Dr Ramon Acosta Pastor, a surgeon who treated patients including Marilyn during a long, distinguished career, has died aged 86, as Edmund Silvestre reports for the Philippine Star.
“MANILA, Philippines – Dr. Ramon Acosta Pastor, one of the surgeons who operated on Marilyn Monroe at a New York City hospital in 1961, passed away on Oct. 5 in his native Batangas City in the Philippines. He was 86.
He became closely acquainted with the late Hollywood icon when she underwent cholecystectomy (gallbladder surgery) on June 29, 1961 at the defunct Polyclinic Hospital in Manhattan and which was widely covered by the media. It was Dr. John Hammet, one of New York’s top surgeons, who led the surgical team.
Dr. Pastor’s photo beside Monroe appeared in several news publications, including the front page of The New York Times, wherein he is seen shielding Monroe from a mob of fans and members of the press while leaving the hospital after she was discharged on July 11, 1961.
That chaotic moment, the star of Some Like It Hot said in an interview, was the time she most feared for her safety.
‘It was scary. I felt for a few minutes as if they were just going to take pieces out of me. Actually, it made me feel a little sick. I mean I appreciated the concern and their affection and all that, but — I don’t know — it was a little like a nightmare. I wasn’t sure I was going to get into the car safely and get away.’
Dr. Pastor managed to walk Monroe into her limo unscathed. He hopped with her into the car and stayed by her side until she reached home.
The famed actress and sex symbol was reportedly complaining of pain from an intestinal disorder when she was rushed to the hospital from her apartment at 444 East 57th Street in Manhattan.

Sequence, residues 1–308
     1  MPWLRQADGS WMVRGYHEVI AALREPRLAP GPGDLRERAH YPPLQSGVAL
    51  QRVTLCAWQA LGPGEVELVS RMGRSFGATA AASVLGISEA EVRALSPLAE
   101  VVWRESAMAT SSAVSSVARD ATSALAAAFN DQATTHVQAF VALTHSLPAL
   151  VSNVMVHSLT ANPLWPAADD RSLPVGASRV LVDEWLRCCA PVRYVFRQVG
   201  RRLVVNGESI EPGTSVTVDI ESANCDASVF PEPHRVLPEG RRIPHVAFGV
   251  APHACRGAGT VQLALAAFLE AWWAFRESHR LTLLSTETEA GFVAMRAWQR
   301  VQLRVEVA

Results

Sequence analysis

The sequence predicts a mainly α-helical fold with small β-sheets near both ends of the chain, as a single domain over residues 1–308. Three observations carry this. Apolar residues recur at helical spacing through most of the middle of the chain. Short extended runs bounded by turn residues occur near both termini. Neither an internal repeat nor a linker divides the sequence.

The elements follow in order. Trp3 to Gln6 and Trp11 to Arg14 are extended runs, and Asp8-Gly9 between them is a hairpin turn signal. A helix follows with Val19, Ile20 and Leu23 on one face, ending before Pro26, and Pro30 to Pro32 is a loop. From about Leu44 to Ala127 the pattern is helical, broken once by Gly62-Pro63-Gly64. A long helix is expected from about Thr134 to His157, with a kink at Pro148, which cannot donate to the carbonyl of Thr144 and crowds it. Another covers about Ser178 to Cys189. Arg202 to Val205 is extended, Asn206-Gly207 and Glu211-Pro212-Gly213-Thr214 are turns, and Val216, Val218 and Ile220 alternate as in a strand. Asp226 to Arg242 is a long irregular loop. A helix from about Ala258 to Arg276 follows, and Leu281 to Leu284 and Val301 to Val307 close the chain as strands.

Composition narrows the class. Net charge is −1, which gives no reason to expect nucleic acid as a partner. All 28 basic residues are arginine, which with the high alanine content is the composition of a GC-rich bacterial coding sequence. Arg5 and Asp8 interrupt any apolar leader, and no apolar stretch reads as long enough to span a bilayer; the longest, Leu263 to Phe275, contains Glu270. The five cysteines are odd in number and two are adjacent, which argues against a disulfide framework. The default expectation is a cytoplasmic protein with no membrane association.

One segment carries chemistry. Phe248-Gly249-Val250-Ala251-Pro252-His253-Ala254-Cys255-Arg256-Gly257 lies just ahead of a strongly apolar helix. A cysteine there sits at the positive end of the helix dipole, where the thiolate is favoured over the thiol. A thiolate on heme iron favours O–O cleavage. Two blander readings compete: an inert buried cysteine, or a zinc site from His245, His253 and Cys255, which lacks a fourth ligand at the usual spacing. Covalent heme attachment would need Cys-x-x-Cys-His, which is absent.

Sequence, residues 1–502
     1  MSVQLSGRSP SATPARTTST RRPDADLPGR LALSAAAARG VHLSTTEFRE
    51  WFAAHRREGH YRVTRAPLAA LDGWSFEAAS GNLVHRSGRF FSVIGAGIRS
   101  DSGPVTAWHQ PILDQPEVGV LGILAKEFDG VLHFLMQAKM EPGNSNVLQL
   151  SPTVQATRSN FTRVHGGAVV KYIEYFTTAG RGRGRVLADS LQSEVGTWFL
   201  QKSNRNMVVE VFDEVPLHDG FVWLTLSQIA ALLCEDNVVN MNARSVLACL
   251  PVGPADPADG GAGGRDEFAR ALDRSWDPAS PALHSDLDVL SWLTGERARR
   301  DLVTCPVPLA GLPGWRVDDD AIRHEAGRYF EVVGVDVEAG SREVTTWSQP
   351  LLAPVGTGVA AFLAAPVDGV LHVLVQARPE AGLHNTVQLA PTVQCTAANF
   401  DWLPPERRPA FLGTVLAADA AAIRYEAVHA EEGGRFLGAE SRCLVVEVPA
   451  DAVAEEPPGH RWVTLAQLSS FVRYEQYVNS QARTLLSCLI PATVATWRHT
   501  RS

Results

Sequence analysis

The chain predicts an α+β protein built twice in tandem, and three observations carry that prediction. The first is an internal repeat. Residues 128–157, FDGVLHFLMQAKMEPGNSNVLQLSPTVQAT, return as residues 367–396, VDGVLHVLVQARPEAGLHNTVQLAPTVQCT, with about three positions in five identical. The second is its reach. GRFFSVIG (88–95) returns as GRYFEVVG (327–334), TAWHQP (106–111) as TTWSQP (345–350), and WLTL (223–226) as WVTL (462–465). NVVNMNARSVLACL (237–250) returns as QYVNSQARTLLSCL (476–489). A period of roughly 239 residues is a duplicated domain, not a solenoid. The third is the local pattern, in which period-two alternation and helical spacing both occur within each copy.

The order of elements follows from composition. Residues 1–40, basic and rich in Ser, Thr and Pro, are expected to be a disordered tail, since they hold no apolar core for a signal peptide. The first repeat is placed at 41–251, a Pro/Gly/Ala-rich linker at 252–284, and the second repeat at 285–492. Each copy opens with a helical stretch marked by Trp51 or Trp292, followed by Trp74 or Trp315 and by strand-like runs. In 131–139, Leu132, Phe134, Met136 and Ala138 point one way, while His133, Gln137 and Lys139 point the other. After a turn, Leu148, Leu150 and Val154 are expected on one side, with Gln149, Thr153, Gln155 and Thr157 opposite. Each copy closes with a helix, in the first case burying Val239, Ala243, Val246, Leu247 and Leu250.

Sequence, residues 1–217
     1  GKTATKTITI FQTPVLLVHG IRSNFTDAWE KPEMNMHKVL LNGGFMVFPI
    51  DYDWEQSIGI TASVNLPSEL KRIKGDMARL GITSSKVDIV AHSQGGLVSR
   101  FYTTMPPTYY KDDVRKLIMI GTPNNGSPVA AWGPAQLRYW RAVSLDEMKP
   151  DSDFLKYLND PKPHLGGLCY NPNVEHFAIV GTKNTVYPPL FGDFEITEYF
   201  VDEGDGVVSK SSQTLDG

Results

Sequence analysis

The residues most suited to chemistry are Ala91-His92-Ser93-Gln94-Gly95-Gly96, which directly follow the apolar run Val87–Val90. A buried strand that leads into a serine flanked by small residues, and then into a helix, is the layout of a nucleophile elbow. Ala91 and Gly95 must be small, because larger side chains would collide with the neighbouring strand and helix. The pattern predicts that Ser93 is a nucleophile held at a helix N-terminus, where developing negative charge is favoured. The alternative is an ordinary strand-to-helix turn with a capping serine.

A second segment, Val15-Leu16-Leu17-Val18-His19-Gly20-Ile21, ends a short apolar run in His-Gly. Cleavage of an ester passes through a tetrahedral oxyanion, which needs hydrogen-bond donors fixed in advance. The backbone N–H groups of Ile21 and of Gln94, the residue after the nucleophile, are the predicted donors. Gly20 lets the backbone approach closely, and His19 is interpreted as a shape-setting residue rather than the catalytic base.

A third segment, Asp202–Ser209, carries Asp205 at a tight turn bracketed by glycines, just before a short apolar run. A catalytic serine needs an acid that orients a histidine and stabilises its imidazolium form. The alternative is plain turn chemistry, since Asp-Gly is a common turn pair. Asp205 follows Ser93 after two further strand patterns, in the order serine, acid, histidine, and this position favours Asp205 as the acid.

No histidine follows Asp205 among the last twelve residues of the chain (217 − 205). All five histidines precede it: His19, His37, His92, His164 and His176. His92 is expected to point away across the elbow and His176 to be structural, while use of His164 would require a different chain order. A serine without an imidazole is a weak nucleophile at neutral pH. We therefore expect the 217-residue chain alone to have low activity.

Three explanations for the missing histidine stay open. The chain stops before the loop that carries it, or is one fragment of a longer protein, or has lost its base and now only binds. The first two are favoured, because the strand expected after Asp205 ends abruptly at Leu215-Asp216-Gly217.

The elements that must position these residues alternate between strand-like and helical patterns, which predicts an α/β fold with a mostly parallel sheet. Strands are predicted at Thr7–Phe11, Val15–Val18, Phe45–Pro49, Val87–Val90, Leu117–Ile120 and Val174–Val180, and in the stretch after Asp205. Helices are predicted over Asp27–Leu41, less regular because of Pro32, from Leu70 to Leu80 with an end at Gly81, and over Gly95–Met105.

According to a New York Mirror story, Monroe awoke in distress in the morning of June 28, 1961, prompting her secretary, May Reis, to call her primary physician at Polyclinic. After diagnosis, the doctor decided her condition warranted immediate hospitalization. She was carried to the ambulance on a stretcher, with [ex] husband Joe DiMaggio joining her in the ambulance.
Dr. Pastor’s elder brother, Antonio, who was staying with him in New York City at the time, related that Dr. Pastor told him he took care of Monroe for two weeks after the surgery, personally attending to all her medical needs.
‘Marilyn Monroe instructed him not to accept any visitors while she’s recuperating, except Joe DiMaggio,’ said Antonio, recalling a conversation he had with his younger brother.
Still in the hospital on the Fourth of July, Monroe complained of the noise coming from fireworks, Antonio said, adding, ‘Dr. Pastor said he gave her the best possible solution — putting cotton in her ears.’
It was the fifth time that Monroe was hospitalized in just 10 months, according to reports.
The three-inch horizontal scar in the upper quadrant of Monroe’s abdomen as a result of the surgery was visible in the photos taken by lensman Bert Stern for the book The Last Sitting, commissioned by Vogue magazine in late June 1962, just six weeks before Monroe died.
‘Ramon was a very gifted doctor and he was very proud of having the honor of operating on Marilyn Monroe,’ said an old-time friend, Dr. Rebecca Magbag, a New York geriatrician, who is also a native of the Philippines. ‘But he was also very humble that he really didn’t talk much about it.’
‘He’s a very nice and warm guy, very handsome, very charming, compassionate with his patients and treated everyone equally,’ Dr. Magbag also said. ‘As an eligible bachelor at the time, a lot of women were swooning over him.’
Born on Nov. 23, 1929 in Batangas City to Dr. Juan Pastor and Concha Acosta Pastor, Dr. Ramon was a 1955 medical graduate of the University of Santo Tomas in Manila. He took his internship at Yonkers General Hospital in New York and finished his training in general surgery at New York Polyclinic Medical School and Hospital, in which he served as chief resident during his last year of training.
He became a diplomate of the American Board of Surgery, but decided to turn his back on a lucrative medical career in the United States and returned home a year later to better serve the underprivileged in his small town in Batangas City.”